Earlier this year, a team of doctors in Connecticut removed an 132-pound mucinous ovarian tumor from a 38-year-old woman—one of the largest operations on record of this type of tumor.
According to the Western Connecticut Health Network, the woman (who is choosing to remain anonymous), first noticed something was off at the end of last year. Alarmed by sudden, rapid weight gain in her abdomen—she was growing by about 10 pounds each week—she scheduled an appointment with her gynecologist, who identified her tumor with a CT scan. She was referred to Danbury Hospital and operated on in a five-hour surgery this past February.
“I might expect to see a 25-pound ovarian tumor, but a 132-pound tumor is very rare,” said lead surgeon Vaagn Andikyan, MD, a gynecologic oncologist at Danbury Hospital, in a statement. “When I met the patient, she was extremely malnourished because the tumor was sitting on her digestive tract, and she used a wheelchair because of the tumor’s weight.”
Dr. Andikyan and his team suspected the tumor was benign, but that didn’t make the surgery any less challenging; the mass was situated near an important blood vessel, so there were concerns about how the operation might affect her heart.
“There were a lot of issues related to this very large tumor in the abdomen,” Linus Chuang, MD, chairman of obstetrics and gynecology for Western Connecticut Health Network, explained to CNN. “She can’t eat, she can’t walk, and there are problems related to potential complications with this large mass compressing the venous system. She was at very high risk of developing blood clots because of compression of the blood flow.”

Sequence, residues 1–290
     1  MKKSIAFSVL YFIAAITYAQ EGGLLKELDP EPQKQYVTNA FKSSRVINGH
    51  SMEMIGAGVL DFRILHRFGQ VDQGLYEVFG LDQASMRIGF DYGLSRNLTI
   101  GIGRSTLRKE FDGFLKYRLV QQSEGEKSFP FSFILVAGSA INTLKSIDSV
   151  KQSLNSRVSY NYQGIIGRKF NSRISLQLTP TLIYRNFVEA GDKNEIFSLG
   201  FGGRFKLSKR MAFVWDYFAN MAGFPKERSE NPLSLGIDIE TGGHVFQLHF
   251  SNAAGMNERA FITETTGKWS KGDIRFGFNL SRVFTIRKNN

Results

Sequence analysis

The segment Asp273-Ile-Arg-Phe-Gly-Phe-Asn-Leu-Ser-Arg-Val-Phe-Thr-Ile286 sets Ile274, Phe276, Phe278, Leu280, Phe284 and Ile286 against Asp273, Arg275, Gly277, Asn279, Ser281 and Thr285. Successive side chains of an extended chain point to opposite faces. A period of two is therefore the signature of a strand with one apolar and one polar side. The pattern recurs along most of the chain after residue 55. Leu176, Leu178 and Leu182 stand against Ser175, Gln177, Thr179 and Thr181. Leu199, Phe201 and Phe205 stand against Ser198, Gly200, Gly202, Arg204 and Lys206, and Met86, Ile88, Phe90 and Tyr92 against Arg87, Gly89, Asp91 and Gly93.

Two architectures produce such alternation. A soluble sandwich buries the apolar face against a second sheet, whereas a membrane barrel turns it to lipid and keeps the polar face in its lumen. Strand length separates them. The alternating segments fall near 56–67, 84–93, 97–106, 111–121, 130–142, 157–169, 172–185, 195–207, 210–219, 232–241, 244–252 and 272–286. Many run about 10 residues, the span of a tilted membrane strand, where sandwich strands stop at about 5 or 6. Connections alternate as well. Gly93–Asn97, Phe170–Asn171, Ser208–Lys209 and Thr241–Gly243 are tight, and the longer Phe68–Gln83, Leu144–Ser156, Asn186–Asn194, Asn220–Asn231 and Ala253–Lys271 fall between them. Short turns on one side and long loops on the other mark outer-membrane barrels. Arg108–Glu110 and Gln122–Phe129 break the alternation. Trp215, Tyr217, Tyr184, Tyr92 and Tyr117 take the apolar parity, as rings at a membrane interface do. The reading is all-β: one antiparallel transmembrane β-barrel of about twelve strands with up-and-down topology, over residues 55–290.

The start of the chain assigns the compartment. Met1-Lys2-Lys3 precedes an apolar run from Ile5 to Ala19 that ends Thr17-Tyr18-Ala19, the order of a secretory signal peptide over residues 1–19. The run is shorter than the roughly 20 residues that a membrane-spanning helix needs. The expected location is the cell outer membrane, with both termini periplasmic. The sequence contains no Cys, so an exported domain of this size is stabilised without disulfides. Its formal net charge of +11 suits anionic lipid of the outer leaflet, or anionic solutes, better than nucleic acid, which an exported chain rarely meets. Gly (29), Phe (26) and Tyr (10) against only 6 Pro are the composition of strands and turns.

Although complicated, the surgery was a success. The medical team simultaneously removed the tumor and reconstructed the skin on her abdomen that had been stretched by the mass, minimizing the number of times she needed to go under the knife. She was able to leave the hospital two weeks later, and is now back at work and feeling well.
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Although this tumor was thankfully benign, it’s important to familiarize yourself with the symptoms of ovarian cancer—especially since most signs of the illness aren’t as obvious as a large, fast-growing mass. If you’re bleeding irregularly, experiencing painful cramps, and have back pain, schedule an appointment with your gynecologist right away. Bloating that doesn’t go away and is accompanied by pain or changes in your bathroom habits could also be a sign of something more serious.
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